"The Sweetest Apu
" is the nineteenth episode of The Simpsons
' thirteenth season
. It originally aired on the Fox network
in the United States on May 5, 2002. In the episode, Homer
and his wife Marge
discover that convenience store owner Apu
is having an affair with the Squishee delivery lady working in his store.
Following its home video release on August 24, 2010, the episode received mixed reviews from critics.
a beer keg for the American Civil War
reenactment of the Battle of Springfield
. At the reenactment, Principal Skinner
watches as Springfielders disobey him and hold a rather inaccurate battle (featuring an orange plaid clad "East" faction, a roller skating Stonewall Jackson
portrayed by Disco Stu
, and a giant steam-powered super spider
made by Professor Frink
). After the battle, Homer brings the empty, dented keg back to Apu at the Kwik-E-Mart
in an attempt to get the deposit. There, he hears a giggle coming from a closet and finds Apu making love with the woman who delivers Squishees to Kwik-E-Mart, Annette. He then walks backwards in shock all the way home to his bed and then relives the encounter in his dreams when he falls asleep.
figures out what Homer saw from the movements of his pupil. They decide not to tell Manjula
but while they are playing badminton
, Homer and Marge act awkwardly with Manjula and Apu looking at them, trying not to give out hints Apu cheated on Manjula. They then confront Apu and he says he will break up with Annette. However, he breaks his promise (as it gets his mind off the octuplets and she forces him). Later, Manjula watches the surveillance footage of Apu cheating
and kicks him out. To help get them together, Homer and Marge invite them both to dinner, but do not tell them that the other one is coming. After a failed attempt with Bart and Lisa, Apu tries to promise to Manjula that he will change, but Manjula refuses to listen and demands a divorce
Homeless, Apu moves into the apartment complex where Kirk Van Houten
lives. The octuplets then speak their first words, which put together, say "Mommy, will you let daddy come back...cookie!" Marge and Manjula go to Apu's and arrive in time to prevent him from committing suicide by hanging. Apu is then subjected to several tasks to redeem himself, including breaking up with Annette, though Manjula says it will take time for everything to get back to normal. In bed, Manjula, finally satisfied with what he has done, kisses Apu while Homer watches from the window, on a ladder. The couple continues and Homer, traumatized, hops backwards on the ladder all the way home, without falling, mimicking what he did earlier.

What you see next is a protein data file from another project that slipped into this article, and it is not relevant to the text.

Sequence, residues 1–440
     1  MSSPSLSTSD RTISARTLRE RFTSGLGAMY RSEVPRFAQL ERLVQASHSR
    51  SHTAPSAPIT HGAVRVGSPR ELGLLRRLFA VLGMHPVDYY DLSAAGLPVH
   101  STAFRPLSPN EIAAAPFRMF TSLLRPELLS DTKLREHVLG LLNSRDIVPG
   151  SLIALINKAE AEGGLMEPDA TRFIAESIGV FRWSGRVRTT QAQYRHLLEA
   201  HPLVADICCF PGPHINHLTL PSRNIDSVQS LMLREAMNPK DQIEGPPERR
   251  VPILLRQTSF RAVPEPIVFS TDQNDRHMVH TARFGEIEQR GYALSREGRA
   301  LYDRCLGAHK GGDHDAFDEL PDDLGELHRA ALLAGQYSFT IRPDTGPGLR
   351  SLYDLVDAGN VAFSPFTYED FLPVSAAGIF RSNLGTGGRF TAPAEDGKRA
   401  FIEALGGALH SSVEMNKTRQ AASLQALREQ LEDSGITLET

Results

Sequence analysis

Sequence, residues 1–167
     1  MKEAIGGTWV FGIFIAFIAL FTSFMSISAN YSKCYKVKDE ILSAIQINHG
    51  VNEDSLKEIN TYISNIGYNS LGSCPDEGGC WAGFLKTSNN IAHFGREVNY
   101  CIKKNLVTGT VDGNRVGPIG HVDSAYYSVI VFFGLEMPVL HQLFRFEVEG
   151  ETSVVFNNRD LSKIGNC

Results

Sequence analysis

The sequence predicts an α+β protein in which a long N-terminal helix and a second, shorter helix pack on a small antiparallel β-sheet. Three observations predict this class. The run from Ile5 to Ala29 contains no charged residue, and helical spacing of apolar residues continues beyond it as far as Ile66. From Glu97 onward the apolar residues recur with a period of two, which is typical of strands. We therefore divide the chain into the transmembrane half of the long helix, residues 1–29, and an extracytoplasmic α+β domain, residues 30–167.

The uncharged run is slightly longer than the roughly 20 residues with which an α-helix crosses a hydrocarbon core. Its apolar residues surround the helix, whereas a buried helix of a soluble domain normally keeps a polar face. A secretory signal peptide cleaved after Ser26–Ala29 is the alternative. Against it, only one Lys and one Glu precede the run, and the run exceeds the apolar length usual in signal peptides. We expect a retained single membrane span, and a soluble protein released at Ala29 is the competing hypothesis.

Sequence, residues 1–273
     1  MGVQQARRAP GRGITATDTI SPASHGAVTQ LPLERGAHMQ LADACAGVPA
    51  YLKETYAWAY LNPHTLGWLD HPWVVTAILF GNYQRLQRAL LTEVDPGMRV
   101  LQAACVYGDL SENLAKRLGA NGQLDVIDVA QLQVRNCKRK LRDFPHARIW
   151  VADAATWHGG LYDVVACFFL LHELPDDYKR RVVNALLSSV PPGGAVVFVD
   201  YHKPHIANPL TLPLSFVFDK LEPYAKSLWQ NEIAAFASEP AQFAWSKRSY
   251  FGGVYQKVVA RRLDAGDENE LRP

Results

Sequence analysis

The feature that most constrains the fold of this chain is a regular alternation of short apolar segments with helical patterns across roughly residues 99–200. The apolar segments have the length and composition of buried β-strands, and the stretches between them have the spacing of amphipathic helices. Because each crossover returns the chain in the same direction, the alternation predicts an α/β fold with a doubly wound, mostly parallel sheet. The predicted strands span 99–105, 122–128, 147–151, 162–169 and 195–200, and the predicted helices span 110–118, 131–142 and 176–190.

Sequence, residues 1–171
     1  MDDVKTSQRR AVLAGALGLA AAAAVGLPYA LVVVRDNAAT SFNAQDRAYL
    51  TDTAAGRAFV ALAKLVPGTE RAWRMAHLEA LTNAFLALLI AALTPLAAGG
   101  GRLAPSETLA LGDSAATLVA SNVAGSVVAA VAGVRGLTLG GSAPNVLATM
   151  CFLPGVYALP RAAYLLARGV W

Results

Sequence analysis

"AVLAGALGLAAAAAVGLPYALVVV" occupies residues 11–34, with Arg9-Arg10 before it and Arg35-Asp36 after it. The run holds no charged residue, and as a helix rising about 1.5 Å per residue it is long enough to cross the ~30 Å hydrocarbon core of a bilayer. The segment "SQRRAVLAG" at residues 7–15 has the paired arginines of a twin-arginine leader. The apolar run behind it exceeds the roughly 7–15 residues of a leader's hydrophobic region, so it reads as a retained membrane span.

Production and cultural references
Talk show host James Lipton
guest starred as himself in the episode.
"The Sweetest Apu" was written by former Simpsons
writer John Swartzwelder
and directed by director Matthew Nastuk
. It was first broadcast on the Fox network
in the United States
on May 5, 2002. After seeing Apu cheating on Manjula with the squishee girl, an extensive scene in which Homer dramatically backs out of the room, into the Simpson house and into his bed is shown. The scene was conceived by episode writer Swartzwelder.
Another scene in the episode shows Apu breaking up with the Squishee lady in front of her house. Originally, police chief Clancy Wiggum would be seen in a robe inside the house, implying that other men in Springfield cheat on their wives as well, however it was dismissed because the writers thought it would look "too sad".
Originally, Swartzwelder wanted the kama sutra sex position in the episode to show several arms and legs "sticking out in crazy positions", however it received a censor note and the Simpsons
staff were allowed to show "less and less" of it as time progressed.